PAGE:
by Bill McBride on 2/01/2013 02:31:00 PM
Friday, February 01, 2013
Catching up ...
There are a few key themes:
1) Private residential construction is usually the largest category for construction spending, but there was a huge collapse in spending following the housing bubble (as expected). This is now the largest category once again. Usually private residential construction leads the economy, so this is a good sign going forward.
2) Private non-residential construction spending usually lags the economy. There was some increase this time, mostly related to energy and power - but the key sectors of office, retail and hotels are still at very low levels.
3) Public construction spending has declined to 2006 levels (not adjusted for inflation). This has been a drag on the economy for 3+ years.
The Census Bureau reported that overall construction spending increased in December:
The U.S. Census Bureau of the Department of Commerce announced today that construction spending during December 2012 was estimated at a seasonally adjusted annual rate of $885.0 billion, 0.9 percent above the revised November estimate of $876.9 billion. The December figure is 7.8 percent above the December 2011 estimate of $820.6 billion.Private construction spending increased, but public construction spending declined:
The value of construction in 2012 was $850.2 billion, 9.2 percent above the $778.2 billion spent in 2011.
Spending on private construction was at a seasonally adjusted annual rate of $614.9 billion, 2.0 percent above the revised November estimate of $602.9 billion. ...Click on graph for larger image.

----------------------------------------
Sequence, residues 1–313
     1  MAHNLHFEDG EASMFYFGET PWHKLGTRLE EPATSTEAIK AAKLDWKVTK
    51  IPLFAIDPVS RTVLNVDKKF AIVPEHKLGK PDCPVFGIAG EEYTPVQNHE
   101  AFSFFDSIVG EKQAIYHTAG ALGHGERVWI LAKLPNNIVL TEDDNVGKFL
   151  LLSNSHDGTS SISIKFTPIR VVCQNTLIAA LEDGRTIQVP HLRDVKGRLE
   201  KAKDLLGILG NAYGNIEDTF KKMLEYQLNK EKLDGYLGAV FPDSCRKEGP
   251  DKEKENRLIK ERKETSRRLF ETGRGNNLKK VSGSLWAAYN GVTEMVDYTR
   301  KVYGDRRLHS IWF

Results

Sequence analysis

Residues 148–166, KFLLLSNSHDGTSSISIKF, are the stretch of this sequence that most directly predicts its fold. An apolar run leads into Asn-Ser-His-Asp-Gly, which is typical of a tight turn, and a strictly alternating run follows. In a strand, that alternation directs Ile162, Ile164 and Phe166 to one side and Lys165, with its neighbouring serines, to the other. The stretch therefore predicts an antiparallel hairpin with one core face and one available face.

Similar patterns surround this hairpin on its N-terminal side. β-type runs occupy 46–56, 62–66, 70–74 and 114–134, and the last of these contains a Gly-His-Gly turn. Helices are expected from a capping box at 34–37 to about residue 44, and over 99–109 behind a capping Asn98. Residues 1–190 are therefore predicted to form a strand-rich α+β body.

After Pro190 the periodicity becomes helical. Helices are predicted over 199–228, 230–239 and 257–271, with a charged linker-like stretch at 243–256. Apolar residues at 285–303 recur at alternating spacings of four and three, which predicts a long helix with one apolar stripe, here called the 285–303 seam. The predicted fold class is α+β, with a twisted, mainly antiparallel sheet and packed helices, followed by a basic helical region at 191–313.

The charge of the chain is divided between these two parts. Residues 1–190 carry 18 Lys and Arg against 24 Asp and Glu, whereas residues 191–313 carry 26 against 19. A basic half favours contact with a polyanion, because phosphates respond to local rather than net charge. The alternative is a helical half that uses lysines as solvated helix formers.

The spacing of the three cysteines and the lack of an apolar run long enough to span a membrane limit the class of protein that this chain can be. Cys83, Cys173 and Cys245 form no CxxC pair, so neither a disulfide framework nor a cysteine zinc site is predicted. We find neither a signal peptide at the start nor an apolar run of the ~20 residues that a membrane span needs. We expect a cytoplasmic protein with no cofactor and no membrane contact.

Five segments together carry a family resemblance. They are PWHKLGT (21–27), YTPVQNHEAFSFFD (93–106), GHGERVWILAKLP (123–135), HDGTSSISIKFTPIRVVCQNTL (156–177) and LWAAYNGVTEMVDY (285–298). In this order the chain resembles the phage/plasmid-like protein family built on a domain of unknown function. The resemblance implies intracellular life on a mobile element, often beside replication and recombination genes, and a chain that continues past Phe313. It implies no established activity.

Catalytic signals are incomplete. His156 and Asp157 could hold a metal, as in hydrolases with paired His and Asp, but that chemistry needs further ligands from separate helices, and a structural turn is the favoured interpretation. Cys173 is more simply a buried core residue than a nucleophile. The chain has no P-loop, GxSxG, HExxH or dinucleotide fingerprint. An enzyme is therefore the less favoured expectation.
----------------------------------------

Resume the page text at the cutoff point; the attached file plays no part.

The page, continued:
In December, the estimated seasonally adjusted annual rate of public construction spending was $270.1 billion, 1.4 percent below the revised November estimate of $274.1 billion.
This graph shows private residential and nonresidential construction spending, and public spending, since 1993. Note: nominal dollars, not inflation adjusted.
Private residential spending is 54% below the peak in early 2006, and up 39% from the post-bubble low. Non-residential spending is 26% below the peak in January 2008, and up about 35% from the recent low.
Public construction spending is now 17% below the peak in March 2009 and at the lowest level since 2006 (not inflation adjusted).
The second graph shows the year-over-year change in construction spending.
On a year-over-year basis, private residential construction spending is now up 24%. Non-residential spending is up 8% year-over-year mostly due to energy spending (power and electric). Public spending is down 6% year-over-year.
This was a fairly strong report - except for public construction spending - and this report suggests an upward revision to Q4 GDP.